Bringing parts together

I used to havre a section of this blog devoted to knitting. I am an avid knitter and always multiple projects in process. Then someone suggested to me that I should focus just on professional material. So I took down the knitting portion. 

I have often thought about this quote from Marie Louise von Franz on knitting :

Everybody who has knitted or done weaving or embroidery knows what an agreeable effect this can have, for you can be quiet and lazy and also spin your own thoughts while working. You can relax and follow your fantasy and then get up and say you have done something! Also the work exercises patience...Only those who have done such work know of all the catastrophes which can happen -- such as losing a row of stitches just when you are decreasing! It is a very self-educative activity and brings out feminine nature. It is immensely important for women to do such work and not give it up in the modern rush. (The Feminine in Fairy Tales, Spring Publications, 1972, p. 40)

Making it clear to me that knitting, like painting or writing, has its place in this process of self-discovery that I am so much engaged in, for myself and with my patients.

Along the way I ran across this poem:

Vision begins to happen in such a life

as if a woman quietly walked away

from the argument and jargon in a room

and sitting down in the kitchen, began turning in her lap

bits of yarn, calico and velvet scraps,

laying them out absently on the scrubbed boards

in the lamplight, with small rainbow-colored shells

sent in cotton-wool from somewhere far away,

and skeins of milkweed from the nearest meadow —

original domestic silk, the finest findings —

and the darkblue petal of the petunia,

amid the dry darkbrown lace of seaweed;

not forgotten either, the shed silver

whisker of the cat, 

the spiral of paper-wasp-nest curling

beside the finch’s yellow feather.

Such a composition has nothing to do with eternity,

the striving for greatness, brilliance —

only with the musing of a mind

one with her body, experienced fingers quietly pushing

dark against bright, silk against roughness,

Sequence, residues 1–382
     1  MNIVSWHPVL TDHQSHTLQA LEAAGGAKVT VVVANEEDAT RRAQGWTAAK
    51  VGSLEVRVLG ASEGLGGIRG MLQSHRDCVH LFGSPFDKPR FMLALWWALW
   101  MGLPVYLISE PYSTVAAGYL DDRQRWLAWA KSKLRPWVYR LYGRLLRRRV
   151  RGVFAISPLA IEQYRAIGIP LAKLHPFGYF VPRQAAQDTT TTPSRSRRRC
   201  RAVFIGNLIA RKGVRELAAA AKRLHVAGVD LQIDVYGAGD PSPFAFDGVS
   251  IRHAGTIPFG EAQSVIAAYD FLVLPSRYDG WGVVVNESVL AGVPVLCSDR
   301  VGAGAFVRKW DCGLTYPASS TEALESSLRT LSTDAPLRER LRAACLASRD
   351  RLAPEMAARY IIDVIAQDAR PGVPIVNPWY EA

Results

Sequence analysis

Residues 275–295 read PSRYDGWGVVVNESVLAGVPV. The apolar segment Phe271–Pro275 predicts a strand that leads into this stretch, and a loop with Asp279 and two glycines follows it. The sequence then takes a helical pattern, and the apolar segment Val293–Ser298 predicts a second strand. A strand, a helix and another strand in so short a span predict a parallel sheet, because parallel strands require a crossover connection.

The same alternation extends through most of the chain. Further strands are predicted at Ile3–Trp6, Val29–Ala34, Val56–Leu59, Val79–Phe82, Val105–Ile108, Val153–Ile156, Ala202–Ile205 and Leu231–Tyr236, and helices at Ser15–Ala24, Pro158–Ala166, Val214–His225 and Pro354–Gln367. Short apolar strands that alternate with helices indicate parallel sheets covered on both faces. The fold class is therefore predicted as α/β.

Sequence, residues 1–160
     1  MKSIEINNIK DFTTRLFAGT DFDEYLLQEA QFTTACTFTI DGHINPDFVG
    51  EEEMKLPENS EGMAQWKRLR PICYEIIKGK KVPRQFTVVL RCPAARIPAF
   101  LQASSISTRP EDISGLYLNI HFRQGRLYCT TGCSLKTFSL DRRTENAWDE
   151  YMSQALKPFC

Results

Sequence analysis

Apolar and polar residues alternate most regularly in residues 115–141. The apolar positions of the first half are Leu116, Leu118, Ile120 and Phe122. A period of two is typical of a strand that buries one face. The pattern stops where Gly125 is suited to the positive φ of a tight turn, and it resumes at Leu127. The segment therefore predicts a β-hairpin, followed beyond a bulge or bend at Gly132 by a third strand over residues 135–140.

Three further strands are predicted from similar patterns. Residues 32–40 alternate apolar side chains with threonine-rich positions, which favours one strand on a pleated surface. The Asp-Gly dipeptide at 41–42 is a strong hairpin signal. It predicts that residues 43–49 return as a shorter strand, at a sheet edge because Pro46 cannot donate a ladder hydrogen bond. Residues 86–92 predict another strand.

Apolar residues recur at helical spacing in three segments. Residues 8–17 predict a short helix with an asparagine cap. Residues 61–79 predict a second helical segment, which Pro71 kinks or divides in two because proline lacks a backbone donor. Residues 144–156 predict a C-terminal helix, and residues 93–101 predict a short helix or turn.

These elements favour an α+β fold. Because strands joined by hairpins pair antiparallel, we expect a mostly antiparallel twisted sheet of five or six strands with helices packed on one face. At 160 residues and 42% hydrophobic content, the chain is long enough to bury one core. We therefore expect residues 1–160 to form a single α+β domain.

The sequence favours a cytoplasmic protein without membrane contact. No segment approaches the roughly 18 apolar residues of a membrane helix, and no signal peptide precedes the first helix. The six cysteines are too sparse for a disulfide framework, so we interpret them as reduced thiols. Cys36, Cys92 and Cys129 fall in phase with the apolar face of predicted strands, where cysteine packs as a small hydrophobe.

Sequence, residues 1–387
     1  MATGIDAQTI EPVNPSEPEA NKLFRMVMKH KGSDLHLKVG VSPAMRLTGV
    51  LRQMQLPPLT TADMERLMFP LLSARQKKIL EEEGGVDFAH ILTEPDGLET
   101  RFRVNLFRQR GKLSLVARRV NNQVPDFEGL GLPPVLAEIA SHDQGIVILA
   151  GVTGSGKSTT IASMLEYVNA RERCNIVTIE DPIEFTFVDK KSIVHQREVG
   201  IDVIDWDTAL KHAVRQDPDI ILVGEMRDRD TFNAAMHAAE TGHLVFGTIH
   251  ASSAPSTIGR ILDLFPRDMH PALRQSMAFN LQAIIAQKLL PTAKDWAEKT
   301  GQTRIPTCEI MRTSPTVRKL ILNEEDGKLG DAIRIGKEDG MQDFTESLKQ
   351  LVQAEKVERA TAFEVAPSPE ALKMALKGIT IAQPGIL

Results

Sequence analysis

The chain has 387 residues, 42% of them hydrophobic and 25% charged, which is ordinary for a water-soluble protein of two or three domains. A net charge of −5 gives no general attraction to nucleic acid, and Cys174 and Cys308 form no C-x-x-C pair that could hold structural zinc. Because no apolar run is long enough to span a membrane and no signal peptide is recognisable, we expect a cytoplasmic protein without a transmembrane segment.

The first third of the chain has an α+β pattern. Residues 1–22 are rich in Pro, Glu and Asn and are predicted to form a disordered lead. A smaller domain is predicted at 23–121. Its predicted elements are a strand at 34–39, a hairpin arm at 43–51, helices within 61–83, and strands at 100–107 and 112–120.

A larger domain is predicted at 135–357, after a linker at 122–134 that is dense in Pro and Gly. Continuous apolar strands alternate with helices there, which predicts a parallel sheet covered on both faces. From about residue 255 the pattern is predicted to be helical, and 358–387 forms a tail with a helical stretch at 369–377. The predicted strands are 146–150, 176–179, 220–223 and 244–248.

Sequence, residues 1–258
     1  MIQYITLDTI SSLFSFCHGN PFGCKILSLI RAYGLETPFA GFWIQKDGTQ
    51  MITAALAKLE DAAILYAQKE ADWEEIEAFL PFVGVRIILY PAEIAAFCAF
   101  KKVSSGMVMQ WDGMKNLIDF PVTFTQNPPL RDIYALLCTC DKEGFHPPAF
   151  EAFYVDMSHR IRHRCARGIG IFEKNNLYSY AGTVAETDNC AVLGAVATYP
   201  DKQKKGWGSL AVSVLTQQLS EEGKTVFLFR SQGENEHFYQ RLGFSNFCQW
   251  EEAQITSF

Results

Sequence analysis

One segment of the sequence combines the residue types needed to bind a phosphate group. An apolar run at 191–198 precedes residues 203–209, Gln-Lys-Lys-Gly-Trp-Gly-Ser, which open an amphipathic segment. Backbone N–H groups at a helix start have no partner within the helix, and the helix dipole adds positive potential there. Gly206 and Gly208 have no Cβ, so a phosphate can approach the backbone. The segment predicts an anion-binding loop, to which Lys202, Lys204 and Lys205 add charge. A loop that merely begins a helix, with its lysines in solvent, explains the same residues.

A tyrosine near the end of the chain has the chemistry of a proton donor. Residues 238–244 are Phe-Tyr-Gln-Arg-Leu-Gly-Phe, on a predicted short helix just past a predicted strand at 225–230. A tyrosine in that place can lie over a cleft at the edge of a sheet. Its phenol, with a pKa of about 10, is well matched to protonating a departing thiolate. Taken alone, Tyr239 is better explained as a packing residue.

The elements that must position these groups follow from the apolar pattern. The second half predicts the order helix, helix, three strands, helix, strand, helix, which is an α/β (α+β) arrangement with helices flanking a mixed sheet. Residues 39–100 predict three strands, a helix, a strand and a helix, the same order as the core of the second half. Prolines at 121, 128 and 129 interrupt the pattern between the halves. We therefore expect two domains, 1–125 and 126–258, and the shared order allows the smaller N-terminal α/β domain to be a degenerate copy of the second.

pulling the tenets of a life together

with no mere will to mastery,

only care for the many-lived, unending

forms in which she finds herself,

becoming now the shard of broken glass

slicing light in a corner, dangerous

to flesh, now the plentiful, soft leaf

that wrapped round the throbbing finger, soothes the wound;

and now the stone foundation, rockshelf further

forming underneath everything that grows.

~Adrienne Rich, “Transcendental Etude,” in The Dream of a Common Language, 1978


I love the poem. It helped me to see that knitting, among other things, is one way I understand my work and my life. My office is at home, in the middle of my domestic life. I have a basket of yarn in my office -- because I think it is beautiful. I also have there art supplies on the table I use when I attempt to paint.  I used to fantasize having a house that had a big kitchen with a fireplace and I would see my patients there, in front of the fire, sitting at the table and drinking tea. Because for me the kitchen is the place of transformation.  There are things in my professional life that I want to explore more deeply. But those things have grown out of ordinary life -- aging, figuring out what it is to be a woman, working at my story, embodiment, all of it. 

When I was in my 20's, in the heydays of second wave feminism, I always felt I had to hide my interest in things domestic. To acknowledge having a domestic life -- cooking, knitting and the like -- was all but a betrayal of what we women were striving for: to be taken seriously as thinkers and doers and not be relegated only to hearth and home. I don't think my friends in graduate school then even knew I loved to cook or that I knitted and crocheted and sewed. And when I got married, it was a point of honor that I do half of the work around the house and not a bit more. 

But that was then. And in the course of growing older and growing up more, I seem to have lost that need to split my life as I did. Maybe this is the gift of third wave feminism to women like me -- that we can bring the parts of our lives together. And in mending the splits in our lives, perhaps we can move toward mending  splits in our husband's and son's lives as well.

As Jung said,

Individuation means becoming an "in-dividual," and, in so far as "individuality" embraces our innermost, last and most incomparable uniqueness, it also implies becoming one's own self. We could therefore translate individuation as "coming to selfhood" or "self-realization." (C.G. Jung, CW 7, para. 266)


PS - what am I knitting now? a reversible scarf with a Chinese dragon on it

IMG 0743


© Cheryl Fuller, 2016. All  rights reserved.